As I said, it was a gorgeous day, but eventually exhaustion from the trip and the sun set in and we decided to head back. We have this tendency to not take care of our needs, like eating and hydration, before setting off on more adventures, so we made sure to stop and get some food before heading back, now knowing that we had a long trip ahead.
After a couple of skewers, the coconut ice cream was a necessity
The streets around Wat Pho are not so easy to navigate. We knew where we were dropped off, but couldn’t decipher where to catch the bus back into town since it looked like the street looped around. We were also still orienting ourselves to the streets since in Thailand they drive on the left side of the road. After walking for about 25 minutes (and unsuccessfully seeking out a Bangkok city map), we saw a bus, which we remembered was listed on the Wat Pho website, heading back to the city. Or so we thought. It was heading the right direction, but were we sure that it was going to our section of the city? We had already boarded, but given how hot it was outside, it seemed like a pesky afterthought. We were going the right direction, so we sat back and enjoyed the bit of breeze provided by the fans on the ceiling as we endured the infamous Bangkok traffic.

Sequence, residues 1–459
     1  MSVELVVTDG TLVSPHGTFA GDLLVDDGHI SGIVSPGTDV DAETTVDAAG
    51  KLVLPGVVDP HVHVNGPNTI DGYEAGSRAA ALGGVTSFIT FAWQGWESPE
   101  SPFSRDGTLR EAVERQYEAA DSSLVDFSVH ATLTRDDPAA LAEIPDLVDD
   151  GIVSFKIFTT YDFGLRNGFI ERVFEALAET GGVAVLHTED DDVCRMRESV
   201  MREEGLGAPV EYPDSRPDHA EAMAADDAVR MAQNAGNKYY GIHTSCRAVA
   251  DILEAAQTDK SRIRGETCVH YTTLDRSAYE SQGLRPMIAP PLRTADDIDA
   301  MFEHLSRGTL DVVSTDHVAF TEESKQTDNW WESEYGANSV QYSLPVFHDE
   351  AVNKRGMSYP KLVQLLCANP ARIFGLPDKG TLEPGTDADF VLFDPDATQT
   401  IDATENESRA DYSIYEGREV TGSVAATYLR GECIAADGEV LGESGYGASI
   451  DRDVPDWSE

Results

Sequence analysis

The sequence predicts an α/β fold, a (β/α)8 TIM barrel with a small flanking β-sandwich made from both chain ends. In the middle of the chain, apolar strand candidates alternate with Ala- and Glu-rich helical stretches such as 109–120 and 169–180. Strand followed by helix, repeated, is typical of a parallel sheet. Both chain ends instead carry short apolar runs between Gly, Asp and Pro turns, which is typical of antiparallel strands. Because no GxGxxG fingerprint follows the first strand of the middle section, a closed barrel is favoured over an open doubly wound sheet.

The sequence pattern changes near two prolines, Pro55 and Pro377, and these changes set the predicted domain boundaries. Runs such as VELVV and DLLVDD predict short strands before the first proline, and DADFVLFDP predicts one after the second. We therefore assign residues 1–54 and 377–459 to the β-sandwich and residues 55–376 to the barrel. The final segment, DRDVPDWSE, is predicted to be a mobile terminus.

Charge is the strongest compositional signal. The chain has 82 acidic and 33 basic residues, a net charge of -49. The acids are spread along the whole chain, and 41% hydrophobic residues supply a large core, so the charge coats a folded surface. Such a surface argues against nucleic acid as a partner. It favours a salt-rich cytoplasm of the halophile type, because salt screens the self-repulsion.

An hour into our journey, we started feeling a little disoriented. But we had been in this situation before, in Seoul, where the bus took a different route on the way back into town – maybe this would be another bus that did a loop rather than going out and back. Maybe?
Shawn turned to me and looked worried. What were we going to do, though? We didn’t know where we were, which made it impossible to know how to get back.